Category Archives: Life

Circling the drain

The brevity of my posts the last few days are a pretty good indication of where my head is. It’s not terrible, but I can see it from here.

Some people see the glass half full. Others see it half empty. I resent the fact you’re bothering me about how much liquid there is in a glass. If you can’t figure out out I don’t know why it’s my problem.

Here a cute picture of Mia and some stuffed animals that one of the cats dragged out. It might have been her, but they’ve all played with them enough that they’re all suspects. Every day she takes over just a little more and I love it. She’s a bright spot. The fact that I can still see bright spots is a good thing.

Man card on hold

I spent a lot of the day trying to install a new radio into Carla’s car. It all seemed to be going smoothly until I hit the point where I powered it on. Nothing. Probably a bad connection in the wiring harness. Redo tomorrow. 

Surprisingly little cussing. 

Man card renewal pending.

(Truth be told I can think of more than a few women I know who would have gotten this done in one try. So consider my tongue firmly in cheek.)

Bump in the road

I’ve never been anything resembling a morning person. I find more and more now that if I don’t get started on what I really need to get done in the morning it doesn’t get done. As the day goes on it’s like my head fills with cotton.

What I’m trying to say is that I had several things I wanted to do today and I didn’t get any of them done  One of them was the post about the great brisket cook.

Here’s a nice picture of s sunrise  I should reacquaint myself with these things.


Full report tomorrow

It’s my birthday, so I’m not going to write a bunch.  It’s been a very nice one. I’ll write up the particulars tomorrow, but for the moment believe me when I say the brisket was worth the effort.

I’m taking the rest of the day off. Except for burping.


Chance encounters of the purple kind

It was Christmas break 1981. I was home from my first semester of college. I got a call from the box office of the Houston Summit where I worked part-time as a ticket seller, but usually only in the summer. The manager, whose name escapes me now, explained that it was a little half-house show and given how close it was to Christmas it was a little tough to get anyone to come in. I was on the list to work the Willie Nelson New Year’s Eve show, so she knew I was in town and figured I’d like to get another night in. And she was right.

I loved working the Summit Box Office. I’d gotten on there because a lot of the folks from the Astrodome Ticket Office also worked up there and they always needed sellers for the Ringling Brothers Circus every year. It was a fun bunch. It’s where I learned that the plexiglass on the front of a ticket booth isn’t to protect the seller from the public, it’s to protect the public from the seller. I will never forget as long as I live the night one of my co-workers — a very experienced guy — completely lost it with a customer and went up on the counter. We had to pull him off the top and drag him back. He was reaching up under the plexiglass screaming he was going to kill the guy. The hardest part? Not cracking up laughing as we were doing it. He was to the left of me. The guy two windows down never stopped selling.  It was spectacular. It was also a couple of years after my current story.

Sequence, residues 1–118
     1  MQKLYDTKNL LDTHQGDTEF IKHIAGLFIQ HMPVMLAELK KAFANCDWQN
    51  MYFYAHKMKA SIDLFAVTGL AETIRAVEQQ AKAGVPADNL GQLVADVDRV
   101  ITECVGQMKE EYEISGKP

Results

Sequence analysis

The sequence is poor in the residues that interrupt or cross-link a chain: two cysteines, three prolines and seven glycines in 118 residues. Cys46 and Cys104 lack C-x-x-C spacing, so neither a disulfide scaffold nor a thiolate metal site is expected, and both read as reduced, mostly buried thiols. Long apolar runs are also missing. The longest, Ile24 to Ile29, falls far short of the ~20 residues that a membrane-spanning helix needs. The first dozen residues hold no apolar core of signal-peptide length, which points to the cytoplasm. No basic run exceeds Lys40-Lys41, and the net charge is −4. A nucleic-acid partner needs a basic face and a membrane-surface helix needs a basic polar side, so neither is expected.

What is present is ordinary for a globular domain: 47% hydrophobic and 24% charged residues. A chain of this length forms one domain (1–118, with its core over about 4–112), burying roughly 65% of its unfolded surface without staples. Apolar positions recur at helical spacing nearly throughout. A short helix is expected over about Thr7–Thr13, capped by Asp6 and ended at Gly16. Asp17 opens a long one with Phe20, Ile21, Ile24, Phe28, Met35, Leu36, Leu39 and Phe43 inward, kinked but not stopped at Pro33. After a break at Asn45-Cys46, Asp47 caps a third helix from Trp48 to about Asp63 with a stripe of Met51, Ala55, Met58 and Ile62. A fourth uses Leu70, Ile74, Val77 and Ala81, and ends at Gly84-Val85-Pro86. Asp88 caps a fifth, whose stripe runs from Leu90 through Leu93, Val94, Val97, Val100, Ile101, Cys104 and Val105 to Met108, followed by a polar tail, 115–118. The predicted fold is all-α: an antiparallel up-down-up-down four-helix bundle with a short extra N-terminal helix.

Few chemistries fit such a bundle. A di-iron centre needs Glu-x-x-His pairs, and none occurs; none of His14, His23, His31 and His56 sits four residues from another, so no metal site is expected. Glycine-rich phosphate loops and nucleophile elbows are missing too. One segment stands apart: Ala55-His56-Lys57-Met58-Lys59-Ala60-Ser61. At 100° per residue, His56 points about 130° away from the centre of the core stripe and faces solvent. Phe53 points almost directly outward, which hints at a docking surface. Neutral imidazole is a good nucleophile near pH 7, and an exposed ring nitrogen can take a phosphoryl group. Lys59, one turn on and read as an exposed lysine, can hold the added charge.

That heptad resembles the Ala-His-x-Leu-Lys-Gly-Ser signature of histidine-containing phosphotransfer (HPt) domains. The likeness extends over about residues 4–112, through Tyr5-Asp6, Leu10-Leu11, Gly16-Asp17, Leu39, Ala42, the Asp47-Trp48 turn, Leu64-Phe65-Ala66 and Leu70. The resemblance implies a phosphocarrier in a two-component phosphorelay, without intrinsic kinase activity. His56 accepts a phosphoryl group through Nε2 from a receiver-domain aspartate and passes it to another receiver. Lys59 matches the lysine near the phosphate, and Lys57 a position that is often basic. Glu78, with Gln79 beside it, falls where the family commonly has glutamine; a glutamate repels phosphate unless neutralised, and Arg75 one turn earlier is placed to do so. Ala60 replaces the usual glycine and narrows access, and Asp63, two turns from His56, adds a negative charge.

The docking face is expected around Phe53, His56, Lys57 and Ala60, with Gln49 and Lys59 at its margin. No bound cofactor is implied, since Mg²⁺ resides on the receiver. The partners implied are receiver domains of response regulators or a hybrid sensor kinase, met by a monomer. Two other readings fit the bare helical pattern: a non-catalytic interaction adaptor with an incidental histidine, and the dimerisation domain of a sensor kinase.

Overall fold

So I get down there and buzzed into the office to get my drawer checked out. I passed a bunch of kids coming in and it was quite the fashion show. It wasn’t punk, really, but there was a lot of hair gel propping up structures that physics wouldn’t normally allow. It was a very androgynous. Somewhere along the line I picked up that the act was a “he.”

“Who is this guy?” I ask Rob, the assistant manager as I was checking out my drawer.

“I don’t know. Some guy named Prince.”


“Yeah, I never heard of him. Seems to be popular, though.”

Since it was only a half-house show we only opened one side of the box office. It wasn’t super busy. The kids came up, pushed their money over the counter and went on their way. There was a lot of time to make cracks about some of the outfits we saw. I was just out of high school myself, but what struck me was how young these kids coming to the show were.

There was a monitor in the main part of the office that showed what was being projected on the scoreboard in the arena.  Right around the time the show was supposed to start the manager came out to put out the promoter return tickets. I doubt it’s still this way, but in those days it wasn’t a bad strategy to walk into  a show right at showtime and get a ticket. If you got the right window there was a good chance that you’d get a ticket that the promoter didn’t give away for whatever reason. That’s one of the things that went away when Ticketmaster took over. Anyway, the show was just kicking off and she made a comment about how elaborate the stage was for a half-house show.  As the first set went on we heard the sound on the monitor being turned up. Windows were being closed one at a time, but I could hear through the door that no one was leaving.